Another CEF lecturer Ms. Saša Jazbec, State Secretary at the Ministry of Finance of Slovenia gave a presentation about the coordination of the National Reform Programme of Slovenia. One of my work duties is also related to the coordination of the National Reform Programme of Latvia, and I found it interesting that my own experience is very similar to Saša’s experience. Despite different nationalities, countries, cultures and languages we face similar problems in our communication and interaction with people. Surprisingly, it looks like the Baltics and the Balkans are closer to each other than one would imagine. The coordination of the National Reform Programme usually involves a lot of people, and good and effective communication really helps in this process.
I would also like to share with you my personal story about people being telephones to each other. I presented this story during the learning course, and I think it perfectly suits the spirit and idea of this course. I was in Ljubljana, Slovenia at one weekend in May 2002. I was walking in the city centre and noticed a graffiti on the wall near the Ljubljanica river, stating, “Človek človeku – telefon”, which in English means “A person is a telephone to another person”. Today, I would even add that we are smartphones to each other, because every day we tell other people different things, and share thoughts and information. Sometimes it can be understood correctly by others, but sometimes our story is changed and retold differently.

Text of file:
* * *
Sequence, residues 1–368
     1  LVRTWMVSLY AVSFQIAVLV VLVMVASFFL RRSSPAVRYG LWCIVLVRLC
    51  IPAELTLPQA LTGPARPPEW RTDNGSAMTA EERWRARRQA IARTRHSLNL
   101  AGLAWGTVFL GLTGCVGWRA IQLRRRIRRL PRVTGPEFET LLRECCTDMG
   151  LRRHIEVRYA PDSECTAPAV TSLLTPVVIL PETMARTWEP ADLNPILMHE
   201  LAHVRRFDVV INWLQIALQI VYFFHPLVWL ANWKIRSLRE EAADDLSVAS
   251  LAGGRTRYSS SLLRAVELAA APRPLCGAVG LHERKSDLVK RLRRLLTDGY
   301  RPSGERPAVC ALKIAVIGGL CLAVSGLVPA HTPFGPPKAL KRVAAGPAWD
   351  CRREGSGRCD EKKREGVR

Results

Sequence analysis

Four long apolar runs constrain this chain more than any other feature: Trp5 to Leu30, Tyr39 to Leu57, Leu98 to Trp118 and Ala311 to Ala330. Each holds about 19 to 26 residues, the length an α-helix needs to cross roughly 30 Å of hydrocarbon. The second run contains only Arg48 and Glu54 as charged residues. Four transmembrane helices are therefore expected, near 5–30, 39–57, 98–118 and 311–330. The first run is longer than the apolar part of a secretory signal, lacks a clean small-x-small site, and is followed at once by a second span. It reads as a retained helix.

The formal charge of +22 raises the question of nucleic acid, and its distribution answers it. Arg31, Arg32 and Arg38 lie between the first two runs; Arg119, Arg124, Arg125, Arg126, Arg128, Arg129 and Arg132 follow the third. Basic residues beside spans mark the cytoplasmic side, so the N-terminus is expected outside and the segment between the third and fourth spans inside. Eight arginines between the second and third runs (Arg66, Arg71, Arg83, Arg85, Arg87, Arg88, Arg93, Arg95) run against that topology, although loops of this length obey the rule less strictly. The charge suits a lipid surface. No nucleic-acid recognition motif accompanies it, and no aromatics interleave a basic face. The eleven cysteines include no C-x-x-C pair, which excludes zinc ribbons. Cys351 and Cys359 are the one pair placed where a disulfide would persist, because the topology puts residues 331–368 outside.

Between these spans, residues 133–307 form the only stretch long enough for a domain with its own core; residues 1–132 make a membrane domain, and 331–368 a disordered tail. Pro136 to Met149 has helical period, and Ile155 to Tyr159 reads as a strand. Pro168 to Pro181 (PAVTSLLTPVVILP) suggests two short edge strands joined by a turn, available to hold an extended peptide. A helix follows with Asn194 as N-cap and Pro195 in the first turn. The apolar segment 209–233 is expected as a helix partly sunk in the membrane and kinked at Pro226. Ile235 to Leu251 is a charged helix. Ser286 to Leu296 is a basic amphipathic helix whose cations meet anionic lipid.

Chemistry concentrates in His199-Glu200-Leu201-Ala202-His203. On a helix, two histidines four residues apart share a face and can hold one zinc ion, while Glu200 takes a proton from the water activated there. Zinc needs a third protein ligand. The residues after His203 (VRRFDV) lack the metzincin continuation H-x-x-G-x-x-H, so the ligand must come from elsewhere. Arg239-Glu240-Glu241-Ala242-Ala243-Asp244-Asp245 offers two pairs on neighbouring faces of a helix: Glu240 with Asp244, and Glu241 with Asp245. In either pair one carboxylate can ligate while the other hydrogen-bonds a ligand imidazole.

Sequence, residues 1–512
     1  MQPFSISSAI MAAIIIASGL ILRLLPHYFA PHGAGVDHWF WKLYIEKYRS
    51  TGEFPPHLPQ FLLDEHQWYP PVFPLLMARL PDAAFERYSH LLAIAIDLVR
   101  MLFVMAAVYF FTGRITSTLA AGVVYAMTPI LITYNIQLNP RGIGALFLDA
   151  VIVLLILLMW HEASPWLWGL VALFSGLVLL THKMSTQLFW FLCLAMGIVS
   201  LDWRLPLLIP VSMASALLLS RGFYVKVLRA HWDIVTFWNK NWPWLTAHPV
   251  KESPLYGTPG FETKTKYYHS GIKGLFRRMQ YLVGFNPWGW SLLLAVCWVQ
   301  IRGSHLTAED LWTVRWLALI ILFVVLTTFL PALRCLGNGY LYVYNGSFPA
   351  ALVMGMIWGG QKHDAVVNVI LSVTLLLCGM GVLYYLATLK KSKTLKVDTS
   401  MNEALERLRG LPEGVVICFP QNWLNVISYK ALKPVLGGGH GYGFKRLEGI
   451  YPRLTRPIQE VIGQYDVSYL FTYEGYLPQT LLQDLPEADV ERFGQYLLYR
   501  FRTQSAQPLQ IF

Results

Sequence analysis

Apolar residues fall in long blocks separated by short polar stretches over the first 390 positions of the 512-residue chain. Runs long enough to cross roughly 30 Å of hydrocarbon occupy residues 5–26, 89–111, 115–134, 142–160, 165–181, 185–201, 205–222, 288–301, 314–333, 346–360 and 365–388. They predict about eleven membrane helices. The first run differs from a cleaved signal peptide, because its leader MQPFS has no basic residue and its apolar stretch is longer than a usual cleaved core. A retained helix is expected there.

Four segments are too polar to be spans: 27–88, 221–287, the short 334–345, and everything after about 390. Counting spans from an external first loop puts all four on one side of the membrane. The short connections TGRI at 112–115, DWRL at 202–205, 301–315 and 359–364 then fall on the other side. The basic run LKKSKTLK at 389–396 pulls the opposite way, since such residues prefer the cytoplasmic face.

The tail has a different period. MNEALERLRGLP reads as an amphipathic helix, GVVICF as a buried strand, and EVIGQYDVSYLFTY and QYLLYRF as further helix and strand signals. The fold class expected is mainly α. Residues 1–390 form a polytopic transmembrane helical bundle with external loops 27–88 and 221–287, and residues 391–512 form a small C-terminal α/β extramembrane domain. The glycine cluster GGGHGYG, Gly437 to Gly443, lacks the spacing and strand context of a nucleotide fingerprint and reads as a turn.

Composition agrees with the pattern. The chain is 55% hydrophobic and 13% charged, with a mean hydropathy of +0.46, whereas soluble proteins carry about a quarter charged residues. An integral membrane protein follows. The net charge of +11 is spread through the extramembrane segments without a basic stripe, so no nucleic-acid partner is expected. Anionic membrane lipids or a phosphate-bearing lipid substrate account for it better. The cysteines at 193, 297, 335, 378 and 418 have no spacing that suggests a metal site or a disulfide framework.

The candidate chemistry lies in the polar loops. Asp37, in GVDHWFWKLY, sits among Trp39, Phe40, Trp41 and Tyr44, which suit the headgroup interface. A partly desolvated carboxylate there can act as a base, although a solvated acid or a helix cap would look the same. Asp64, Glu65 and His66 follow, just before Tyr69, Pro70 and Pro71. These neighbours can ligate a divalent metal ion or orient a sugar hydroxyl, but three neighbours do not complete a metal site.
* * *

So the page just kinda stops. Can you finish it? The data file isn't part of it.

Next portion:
It is related to psychology and the fact that humans often perceive information the way they want to hear it and based on their own experiences, thoughts and emotions. The storyteller can’t do anything about that. You can sometimes be very surprised how your original story changes when told by another person to a third party, and when the last person that heard your story tells your story back to you. Unfortunately, sometimes our stories can be like “broken phones” if interpreted wrongly by other people. So, be aware of the fake news and respect others while you communicate, also digitally.
I would like to thank the organizers, lecturers, and participants of this course, and look forward to the future learning events organized by the CEF. Thanks to the CEF newsletter, I receive regular useful information about the courses and read interesting CEF blog articles. If you have not subscribed to the CEF newsletter yet, please do it and, who knows, maybe we will meet at the next CEF course.”